Previously, Kapadia had expressed displeasure at a 15 December news report in a national daily that said the judiciary wanted to retain 1% of the Rs. 2,500 crore deposit made by Vodafone to the court’s registry. The report suggested that a “cash-strapped” judiciary was trying to source funds from “novel” methods such as these. Kapadia had then said: “People write whatever they want.” But the court did not initiate any action against the reporter or the newspaper.

Different benches of the court have, in the past, pointed to inaccurate or sensational news reports. However, Mint could not immediately ascertain the immediate reasons for the revision of the norms.

A.I.S. Cheema, secretary general of the court, the senior-most official on the administrative side, did not have time to meet this reporter on Tuesday for clarity on reasons for revising the norms.

The court’s media officials said reporters could make representations that would be forwarded to decision makers.

Justice Dalveer Bhandari, the Supreme Court judge in charge of granting accreditation to journalists, could not be reached on phone. His staff said he would not be available to comment till later this week.

A media law expert said India has an open court system that inspires confidence among people on the judiciary’s functioning.

“In India, unlike in the US, the press has no independent right under the freedom of expression. The journalist exercises his right as a citizen of this country under Article 19 (1)(a) and also acts as a trustee of the public’s right to know. In certain situations, he might get more access than others, but technically under our open court system that shouldn’t be necessary,” said the expert, who did not want to be named.

“Everyone can have access as it’s meant to be a check on the judges. It’s a check on the system. What is to stop me if I go into a court as lay person and write about something which I think is worthy of sharing with the public? As long as I’m not distorting the proceedings, there should be no problem,” this person said.

The Supreme Court has expressed its appreciation for the role played by the press in its annual reports. “Supreme Court attached great importance to the role of media and complementary to that of judicial organ in a democratic polity. In order to strengthen this partnership, the court took certain initiatives for mutual benefit,” said the 2008-09 report as it elucidated programmes organized by it to train court correspondents.

A February 2002 report in Frontline magazine cited a Supreme Court judgement that contained a defence of the freedom of the press. “Public trial in open court is undoubtedly essential for the healthy objective and fair administration of justice. Trial held subject to public scrutiny and gaze naturally acts as a check against judicial caprice or vagaries and serves as a powerful instrument for creating confidence of the public in the fairness, objectivity and impartiality of the administration of justice.”

There are currently 14 permanent accredited correspondents in the Supreme Court and approximately 80 temporary accredited journalists, according to the court’s officials.

Editors react

Newspaper and television editors said the requirement for a law degree might be excessive and that the unilateral provision in the norms to withdraw a journalist’s accreditation was not desirable.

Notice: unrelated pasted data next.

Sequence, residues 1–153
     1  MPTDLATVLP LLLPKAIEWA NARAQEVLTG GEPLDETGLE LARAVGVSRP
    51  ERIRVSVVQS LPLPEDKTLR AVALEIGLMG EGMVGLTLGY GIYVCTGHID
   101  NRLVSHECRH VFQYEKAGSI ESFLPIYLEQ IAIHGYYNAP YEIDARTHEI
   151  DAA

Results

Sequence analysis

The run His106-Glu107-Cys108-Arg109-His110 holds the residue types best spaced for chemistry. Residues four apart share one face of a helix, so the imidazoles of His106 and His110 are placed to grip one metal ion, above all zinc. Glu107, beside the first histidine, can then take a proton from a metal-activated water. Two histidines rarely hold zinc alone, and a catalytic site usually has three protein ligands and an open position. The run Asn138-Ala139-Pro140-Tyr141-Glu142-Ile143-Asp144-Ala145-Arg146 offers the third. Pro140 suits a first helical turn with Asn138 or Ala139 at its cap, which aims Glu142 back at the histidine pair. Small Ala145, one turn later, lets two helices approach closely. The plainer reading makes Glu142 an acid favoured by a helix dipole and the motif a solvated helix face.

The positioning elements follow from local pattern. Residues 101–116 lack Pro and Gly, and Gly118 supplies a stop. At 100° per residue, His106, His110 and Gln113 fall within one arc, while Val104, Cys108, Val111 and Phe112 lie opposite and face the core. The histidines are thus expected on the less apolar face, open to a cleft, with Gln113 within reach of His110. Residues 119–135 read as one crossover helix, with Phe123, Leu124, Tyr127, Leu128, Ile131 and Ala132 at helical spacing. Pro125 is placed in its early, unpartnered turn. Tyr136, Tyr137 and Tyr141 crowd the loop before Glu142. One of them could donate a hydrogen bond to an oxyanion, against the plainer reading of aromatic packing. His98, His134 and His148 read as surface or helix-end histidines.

“Reporters need not have a law degree to report on the Supreme Court. They need to have strong news sense and an acquaintance of legal nuances,” said Arnab Goswami, editor-in-chief, Times Now.

“The new norms seem overly restrictive and will make it more difficult for the media to cover the Supreme Court properly,” said Siddharth Varadarajan, editor of The Hindu. “While I share the concerns of the honourable judges that court proceedings are sometimes not reported accurately, the solution lies in proper editorial supervision by our newspapers and TV channels, rather than by specifying, with mathematical precision, the onerous qualifications court reporters must possess in order to be given access to a court room.”

“In the absence of access, there may actually be a greater likelihood of inaccurate reporting as journalists will be forced to rely on one-sided accounts of courtroom proceedings by lawyers representing their clients,” he said.

Sanjay Gupta, editor, Dainik Jagran, published by Jagran Prakashan Ltd, said: “As an editor, I will anyway not hire a fresher to report on Supreme Court judgements. However, I don’t think there should be a prerequisite for reporters to have a degree in law. If reporters have adequate experience and are reporting judgements intelligently, and if the editors don’t have an issue, I don’t think it’s fair for the court to then have stringent norms.”

“I don’t want to comment much on the revised norm to withdraw the accreditation without giving any reason. Withdrawal of accreditation should be a bilateral dialogue between the authority and the newspaper. The editors have a right to know when a particular legal correspondent’s accreditation is withdrawn,” he added.

Abhilasha Ojha contributed to this story.

Talk of judicial overreach is bogey: Supreme Court

Supreme Court of India

THE HINDU

Rejecting the criticism of judicial activism, the Supreme Court has said the judiciary has stepped in to give directions only because of executive inaction what with laws enacted by Parliament and the State legislatures in the last 63 years for the poor not being implemented properly. A Bench of Justices G.S. Singhvi and A.K. Ganguly pointed out that laws enacted for achieving the goals set out in the Preamble to the Constitution had been extremely inadequate and tardy, and the benefit of welfare measures enshrined in those legislation had not reached millions of poor, downtrodden and disadvantaged sections, nor did efforts to bridge the gap between the haves and have-nots yield the desired result.